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List of types of killing

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In the English language, terms for types of killing often end in the suffix -cide.

Killing of self[edit]

  • Suicide, intentionally causing one's own death.
    • Altruistic suicide, suicide for the benefit of others.
    • Autocide, suicide by automobile collision.
    • Medicide, a suicide accomplished with the aid of a physician.
    • Murder-suicide, a suicide committed immediately after one or more murders.
    • Self-immolation, suicide by fire, often as a form of protest.
    • Suicide by cop, acting in a threatening manner so as to provoke a lethal response from law enforcement.

Killing of other people[edit]

All of these are considered types of homicide.

Killing of family[edit]

  • Avunculicide – the act of killing an uncle (Latin: avunculus "(maternal) uncle").
  • Familicide – is a multiple-victim homicide where a killer's spouse and children are slain (Latin: familia "family").
  • Filicide – the act of a parent killing their child (Latin: filius "son" and Latin: filia "daughter").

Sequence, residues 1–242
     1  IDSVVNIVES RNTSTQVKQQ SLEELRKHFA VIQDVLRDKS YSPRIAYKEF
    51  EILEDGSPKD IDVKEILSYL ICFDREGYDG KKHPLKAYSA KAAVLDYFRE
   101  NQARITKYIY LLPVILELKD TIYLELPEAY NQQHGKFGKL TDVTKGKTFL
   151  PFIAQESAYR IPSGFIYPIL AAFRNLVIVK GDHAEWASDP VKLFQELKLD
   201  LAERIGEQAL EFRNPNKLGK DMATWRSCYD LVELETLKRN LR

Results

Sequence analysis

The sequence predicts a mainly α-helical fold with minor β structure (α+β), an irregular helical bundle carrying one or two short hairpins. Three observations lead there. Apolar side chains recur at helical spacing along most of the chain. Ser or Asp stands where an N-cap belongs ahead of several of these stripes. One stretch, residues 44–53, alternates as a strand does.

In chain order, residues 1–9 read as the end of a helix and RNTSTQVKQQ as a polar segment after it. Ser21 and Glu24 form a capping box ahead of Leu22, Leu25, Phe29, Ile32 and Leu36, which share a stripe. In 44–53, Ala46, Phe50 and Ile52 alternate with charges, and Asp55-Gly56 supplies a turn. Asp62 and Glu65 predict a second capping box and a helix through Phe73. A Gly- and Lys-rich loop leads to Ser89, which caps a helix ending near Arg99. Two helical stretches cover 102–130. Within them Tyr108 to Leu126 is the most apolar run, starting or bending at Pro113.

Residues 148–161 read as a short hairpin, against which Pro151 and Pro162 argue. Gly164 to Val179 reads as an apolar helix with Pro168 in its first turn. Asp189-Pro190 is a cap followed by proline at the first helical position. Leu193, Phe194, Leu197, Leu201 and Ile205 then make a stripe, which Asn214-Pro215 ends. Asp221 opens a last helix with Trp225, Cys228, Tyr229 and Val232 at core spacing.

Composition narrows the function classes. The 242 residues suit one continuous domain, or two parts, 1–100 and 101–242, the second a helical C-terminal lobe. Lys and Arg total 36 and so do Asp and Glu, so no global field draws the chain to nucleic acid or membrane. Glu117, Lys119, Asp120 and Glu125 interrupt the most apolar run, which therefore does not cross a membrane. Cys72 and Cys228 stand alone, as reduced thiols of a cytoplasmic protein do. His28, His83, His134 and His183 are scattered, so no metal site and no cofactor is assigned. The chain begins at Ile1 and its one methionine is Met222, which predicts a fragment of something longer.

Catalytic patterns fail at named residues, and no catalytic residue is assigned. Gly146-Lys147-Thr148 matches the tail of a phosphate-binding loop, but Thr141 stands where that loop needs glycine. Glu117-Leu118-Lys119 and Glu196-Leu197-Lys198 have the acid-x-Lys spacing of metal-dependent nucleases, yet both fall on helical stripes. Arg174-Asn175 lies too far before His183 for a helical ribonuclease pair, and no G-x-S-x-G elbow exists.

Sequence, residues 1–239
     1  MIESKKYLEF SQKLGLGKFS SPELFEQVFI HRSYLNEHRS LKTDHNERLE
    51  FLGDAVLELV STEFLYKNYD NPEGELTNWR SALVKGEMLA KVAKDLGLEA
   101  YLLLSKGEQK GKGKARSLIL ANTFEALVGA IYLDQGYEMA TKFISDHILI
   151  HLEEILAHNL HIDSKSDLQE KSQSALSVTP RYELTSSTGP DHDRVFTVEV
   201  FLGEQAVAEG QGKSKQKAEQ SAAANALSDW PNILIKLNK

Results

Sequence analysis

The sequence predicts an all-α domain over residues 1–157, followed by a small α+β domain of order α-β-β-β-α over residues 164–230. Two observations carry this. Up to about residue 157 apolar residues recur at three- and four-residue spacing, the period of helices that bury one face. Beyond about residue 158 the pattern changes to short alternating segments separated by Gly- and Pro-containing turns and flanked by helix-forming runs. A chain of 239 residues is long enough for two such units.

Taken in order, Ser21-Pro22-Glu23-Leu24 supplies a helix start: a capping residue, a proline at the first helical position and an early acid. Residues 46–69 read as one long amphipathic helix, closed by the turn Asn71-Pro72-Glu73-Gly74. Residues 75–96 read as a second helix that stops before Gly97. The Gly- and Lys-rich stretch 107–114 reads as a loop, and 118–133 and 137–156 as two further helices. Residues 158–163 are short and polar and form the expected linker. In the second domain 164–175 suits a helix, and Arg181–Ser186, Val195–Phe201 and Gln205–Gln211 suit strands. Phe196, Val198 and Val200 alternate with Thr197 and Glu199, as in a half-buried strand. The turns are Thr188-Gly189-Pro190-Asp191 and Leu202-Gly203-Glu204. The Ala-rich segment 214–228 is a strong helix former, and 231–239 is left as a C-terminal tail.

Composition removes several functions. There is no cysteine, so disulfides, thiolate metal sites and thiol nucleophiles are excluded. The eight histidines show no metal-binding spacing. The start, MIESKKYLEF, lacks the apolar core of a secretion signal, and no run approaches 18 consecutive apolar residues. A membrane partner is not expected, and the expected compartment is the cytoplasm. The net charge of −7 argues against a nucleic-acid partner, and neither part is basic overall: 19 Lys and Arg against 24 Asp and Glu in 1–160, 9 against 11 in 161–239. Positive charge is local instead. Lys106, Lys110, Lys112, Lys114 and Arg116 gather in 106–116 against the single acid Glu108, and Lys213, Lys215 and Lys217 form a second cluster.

• Fratricide – the act of killing a brother (Latin: frater "brother"); also, in military context, death by friendly fire.
  • Geronticide – the abandonment of the elderly to die, die by suicide or be killed.
  • Honour killing – the act of murdering a family member perceived to have brought disgrace to the family.
  • Infanticide – the act of killing a child within the first year of their life.
  • Mariticide – the act of killing one's husband (Latin: maritus "husband").
  • Matricide – the act of killing one's mother (Latin: mater "mother").
  • Neonaticide – the act of killing an infant within the first twenty-four hours or month (varies by individual and jurisdiction) of its life.
  • Nepoticide – the act of killing one's nephew.
  • Parricide or parenticide – the killing of one's mother, father, or other close relative.